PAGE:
Whitman's party was the first major party to use the Oregon Trail, which followed river valleys westward from Kansas City, Missouri, to present-day Oregon. It avoided areas known for communities hostile to European encroachment—such as South Dakota's Blackfoot tribe—and stretched more than 2,100 miles through Nebraska, Wyoming, Idaho, and Oregon; U.S. Highway 26 was later constructed over much of the same path. The Trail's most daunting obstacle was the Continental Divide, the immense mountain range that bisected the continent and proved notoriously difficult for large wagons to cross. Earlier traders, however, had discovered the Rocky Mountains' South Pass, a broad valley in southwestern Wyoming. When Whitman's party went through this, she and Eliza Spalding became the first white women to cross the Continental Divide.
The Whitmans and their party arrived at Walla Walla Fort, near present-day Walla Walla, Washington, on September 1, 1836. This was an outpost of the Hudson's Bay Company, the major fur trading enterprise in the region, and soon she and her husband had settled on a site some six miles away. It was called Waiilatpu, or "place of the rye grass" in Cayuse, the language of the Plateau Indians who initially greeted the new arrivals with enthusiasm. Both the Cayuse and the Nez Percé were the majority population in the area, and lived a nomadic lifestyle dictated by the availability of seasonal food resources such as bison and salmon.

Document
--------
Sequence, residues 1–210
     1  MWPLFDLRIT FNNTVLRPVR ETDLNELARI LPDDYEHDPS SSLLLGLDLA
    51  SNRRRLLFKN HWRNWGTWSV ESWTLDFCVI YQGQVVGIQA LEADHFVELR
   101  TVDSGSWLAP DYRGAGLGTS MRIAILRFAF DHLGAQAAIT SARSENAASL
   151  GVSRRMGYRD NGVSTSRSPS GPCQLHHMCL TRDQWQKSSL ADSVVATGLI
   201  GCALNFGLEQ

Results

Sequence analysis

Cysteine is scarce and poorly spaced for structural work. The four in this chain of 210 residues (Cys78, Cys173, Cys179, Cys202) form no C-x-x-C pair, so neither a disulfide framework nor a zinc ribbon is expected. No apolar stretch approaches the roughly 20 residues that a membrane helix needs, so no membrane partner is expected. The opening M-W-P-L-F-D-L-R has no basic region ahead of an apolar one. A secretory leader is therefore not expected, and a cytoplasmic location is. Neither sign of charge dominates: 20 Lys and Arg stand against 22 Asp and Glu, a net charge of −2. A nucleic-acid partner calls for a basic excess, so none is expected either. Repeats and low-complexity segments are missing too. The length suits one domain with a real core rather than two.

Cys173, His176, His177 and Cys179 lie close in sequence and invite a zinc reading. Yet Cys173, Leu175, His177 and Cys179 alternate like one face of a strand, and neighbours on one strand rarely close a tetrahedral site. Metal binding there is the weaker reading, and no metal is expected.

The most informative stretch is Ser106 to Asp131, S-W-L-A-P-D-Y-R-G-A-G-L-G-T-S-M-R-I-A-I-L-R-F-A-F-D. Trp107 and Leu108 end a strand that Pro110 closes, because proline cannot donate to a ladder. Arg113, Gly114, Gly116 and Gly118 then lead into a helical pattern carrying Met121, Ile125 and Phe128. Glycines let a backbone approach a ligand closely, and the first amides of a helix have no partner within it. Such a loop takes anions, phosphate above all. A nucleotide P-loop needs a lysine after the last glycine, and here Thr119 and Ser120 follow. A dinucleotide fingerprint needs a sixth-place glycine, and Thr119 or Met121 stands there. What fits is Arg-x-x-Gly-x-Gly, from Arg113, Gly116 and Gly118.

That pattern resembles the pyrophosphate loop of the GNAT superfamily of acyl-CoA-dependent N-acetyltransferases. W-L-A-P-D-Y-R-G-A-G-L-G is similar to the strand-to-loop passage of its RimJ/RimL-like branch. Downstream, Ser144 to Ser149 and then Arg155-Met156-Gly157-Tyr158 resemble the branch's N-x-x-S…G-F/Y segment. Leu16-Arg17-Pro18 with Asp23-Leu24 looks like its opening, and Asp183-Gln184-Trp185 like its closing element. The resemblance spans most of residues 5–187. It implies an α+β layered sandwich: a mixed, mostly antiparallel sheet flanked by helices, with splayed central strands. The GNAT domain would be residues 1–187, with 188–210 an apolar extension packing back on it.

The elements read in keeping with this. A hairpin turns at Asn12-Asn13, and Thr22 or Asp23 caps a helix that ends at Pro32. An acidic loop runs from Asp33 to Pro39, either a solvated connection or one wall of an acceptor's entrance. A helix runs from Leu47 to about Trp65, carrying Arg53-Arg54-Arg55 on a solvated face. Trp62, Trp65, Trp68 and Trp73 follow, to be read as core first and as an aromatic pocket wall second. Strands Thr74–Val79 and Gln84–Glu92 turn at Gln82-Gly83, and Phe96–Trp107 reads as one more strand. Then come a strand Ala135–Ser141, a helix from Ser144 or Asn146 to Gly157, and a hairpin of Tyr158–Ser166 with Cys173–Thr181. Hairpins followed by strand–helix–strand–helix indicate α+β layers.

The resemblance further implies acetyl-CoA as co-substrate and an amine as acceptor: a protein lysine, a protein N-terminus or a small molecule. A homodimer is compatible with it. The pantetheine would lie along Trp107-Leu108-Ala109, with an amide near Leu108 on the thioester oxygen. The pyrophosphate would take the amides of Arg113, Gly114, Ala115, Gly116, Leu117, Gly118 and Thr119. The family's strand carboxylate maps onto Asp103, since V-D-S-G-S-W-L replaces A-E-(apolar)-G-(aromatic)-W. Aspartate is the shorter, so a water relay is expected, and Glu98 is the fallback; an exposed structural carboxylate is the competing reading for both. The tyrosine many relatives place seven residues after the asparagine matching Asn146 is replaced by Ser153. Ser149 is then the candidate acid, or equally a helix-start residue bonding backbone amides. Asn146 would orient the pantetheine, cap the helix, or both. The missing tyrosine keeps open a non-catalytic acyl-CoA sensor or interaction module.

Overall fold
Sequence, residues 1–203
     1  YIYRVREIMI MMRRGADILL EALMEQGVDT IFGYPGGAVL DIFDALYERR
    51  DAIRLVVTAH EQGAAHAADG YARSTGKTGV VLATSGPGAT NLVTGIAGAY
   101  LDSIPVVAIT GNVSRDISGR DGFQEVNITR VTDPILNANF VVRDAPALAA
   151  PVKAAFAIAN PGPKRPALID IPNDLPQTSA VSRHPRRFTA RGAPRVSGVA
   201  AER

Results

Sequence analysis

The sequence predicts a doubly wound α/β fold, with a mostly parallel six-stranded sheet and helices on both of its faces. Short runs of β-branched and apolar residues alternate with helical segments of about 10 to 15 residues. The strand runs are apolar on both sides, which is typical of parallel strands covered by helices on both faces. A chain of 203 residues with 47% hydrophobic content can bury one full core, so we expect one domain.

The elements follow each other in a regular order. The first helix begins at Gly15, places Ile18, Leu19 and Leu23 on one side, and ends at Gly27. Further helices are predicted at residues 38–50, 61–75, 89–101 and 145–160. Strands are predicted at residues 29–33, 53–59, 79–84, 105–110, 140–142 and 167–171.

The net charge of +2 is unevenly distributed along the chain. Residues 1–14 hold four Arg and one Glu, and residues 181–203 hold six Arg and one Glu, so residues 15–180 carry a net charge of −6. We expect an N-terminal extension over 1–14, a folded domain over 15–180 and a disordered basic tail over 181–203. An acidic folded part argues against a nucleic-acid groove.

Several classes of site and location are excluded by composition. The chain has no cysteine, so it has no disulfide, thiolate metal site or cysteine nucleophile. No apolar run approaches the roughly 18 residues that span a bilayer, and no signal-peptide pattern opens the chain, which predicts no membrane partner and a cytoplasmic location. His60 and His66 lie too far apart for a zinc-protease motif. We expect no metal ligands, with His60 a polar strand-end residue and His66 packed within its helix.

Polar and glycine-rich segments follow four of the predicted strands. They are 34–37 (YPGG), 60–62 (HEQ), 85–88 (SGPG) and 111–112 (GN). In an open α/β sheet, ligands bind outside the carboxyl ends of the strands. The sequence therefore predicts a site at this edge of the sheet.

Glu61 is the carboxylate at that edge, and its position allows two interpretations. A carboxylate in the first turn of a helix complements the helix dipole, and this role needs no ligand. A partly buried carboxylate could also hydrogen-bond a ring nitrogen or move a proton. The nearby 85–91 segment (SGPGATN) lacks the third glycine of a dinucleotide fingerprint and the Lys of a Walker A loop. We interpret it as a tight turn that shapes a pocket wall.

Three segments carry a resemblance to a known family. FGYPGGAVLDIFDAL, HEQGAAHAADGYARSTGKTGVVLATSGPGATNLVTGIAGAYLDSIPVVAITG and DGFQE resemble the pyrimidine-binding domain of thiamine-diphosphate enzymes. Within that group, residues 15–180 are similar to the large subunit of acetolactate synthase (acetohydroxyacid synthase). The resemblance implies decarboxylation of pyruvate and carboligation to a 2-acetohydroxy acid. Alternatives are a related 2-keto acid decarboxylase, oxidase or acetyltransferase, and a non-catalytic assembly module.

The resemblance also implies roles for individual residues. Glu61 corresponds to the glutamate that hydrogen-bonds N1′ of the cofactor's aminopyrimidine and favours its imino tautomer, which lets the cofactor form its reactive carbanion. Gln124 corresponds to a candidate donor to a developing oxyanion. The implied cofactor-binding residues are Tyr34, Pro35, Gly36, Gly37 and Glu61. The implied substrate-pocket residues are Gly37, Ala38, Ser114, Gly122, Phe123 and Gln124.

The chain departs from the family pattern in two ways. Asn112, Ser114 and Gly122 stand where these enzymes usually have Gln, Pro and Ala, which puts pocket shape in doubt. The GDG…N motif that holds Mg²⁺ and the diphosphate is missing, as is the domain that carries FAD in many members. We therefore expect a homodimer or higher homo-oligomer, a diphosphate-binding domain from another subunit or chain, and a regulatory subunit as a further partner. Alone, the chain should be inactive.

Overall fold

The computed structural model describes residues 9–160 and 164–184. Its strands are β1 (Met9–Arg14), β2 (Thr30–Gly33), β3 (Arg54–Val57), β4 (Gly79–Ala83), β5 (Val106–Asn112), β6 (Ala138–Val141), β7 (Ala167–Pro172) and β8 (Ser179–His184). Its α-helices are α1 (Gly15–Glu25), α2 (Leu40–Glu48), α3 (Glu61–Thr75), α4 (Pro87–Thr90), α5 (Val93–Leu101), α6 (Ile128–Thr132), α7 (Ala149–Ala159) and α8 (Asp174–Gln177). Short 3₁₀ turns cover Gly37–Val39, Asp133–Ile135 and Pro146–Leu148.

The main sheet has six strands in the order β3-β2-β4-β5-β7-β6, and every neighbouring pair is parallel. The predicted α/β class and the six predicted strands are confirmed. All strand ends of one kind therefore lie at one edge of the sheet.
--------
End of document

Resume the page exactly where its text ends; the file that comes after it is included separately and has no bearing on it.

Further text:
Over the next several months the two families built a small house and various outbuildings for their mission, and set to work converting the Native Americans, urging them to adopt a more settled, farming-centered lifestyle. Whitman taught bible study classes at the mission, but neither she nor her husband ever learned the native languages, which hampered their efforts considerably. They also found some of the indigenous customs distasteful or ridiculous, such as the practice of elaborate gift-giving, which they considered a form of extortion foisted on the recipient.
In letters home to her family, Whitman wrote of the lack of privacy at the mission after four other missionary couples arrived in 1838. She was also uneasy with the Cayuse and Nez Percé at their mission, who held different beliefs about the sanctity of a home as exclusively for the use of a single family; the tribes saw less of a distinction between host and guest, and furthermore considered a home the optimum setting for spiritual worship in their own religious practices. To them, a separate church building seemed superfluous, and they ignored the Whitmans' suggestions to build their own church. "They are so filthy they make a great deal of cleaning wherever they go, and this wears out a woman very fast," Whitman complained in one letter to her mother about the locals using her home as their favorite gathering place, according to the book American Eras .
The early promise of Whitman's life on the frontier was diminished by hardship and tragedy. She was pregnant when they had arrived in Oregon, and on March 14, 1837, her twenty-ninth birthday, a daughter was born to her and her husband, whom they named Alice Clarissa after their own mothers. The girl was the first white American child born in Oregon Country, but she drowned in the Walla Walla River at the age of two. Whitman sank into a depression, and spent hours writing in her journal and chronicling her difficulties in letters to her family back East. Her husband built a larger house in 1840, but their banishment of the Cayuse from its more delineated family quarters intensified the dislike the locals felt toward them and especially Whitman, whom they considered haughty.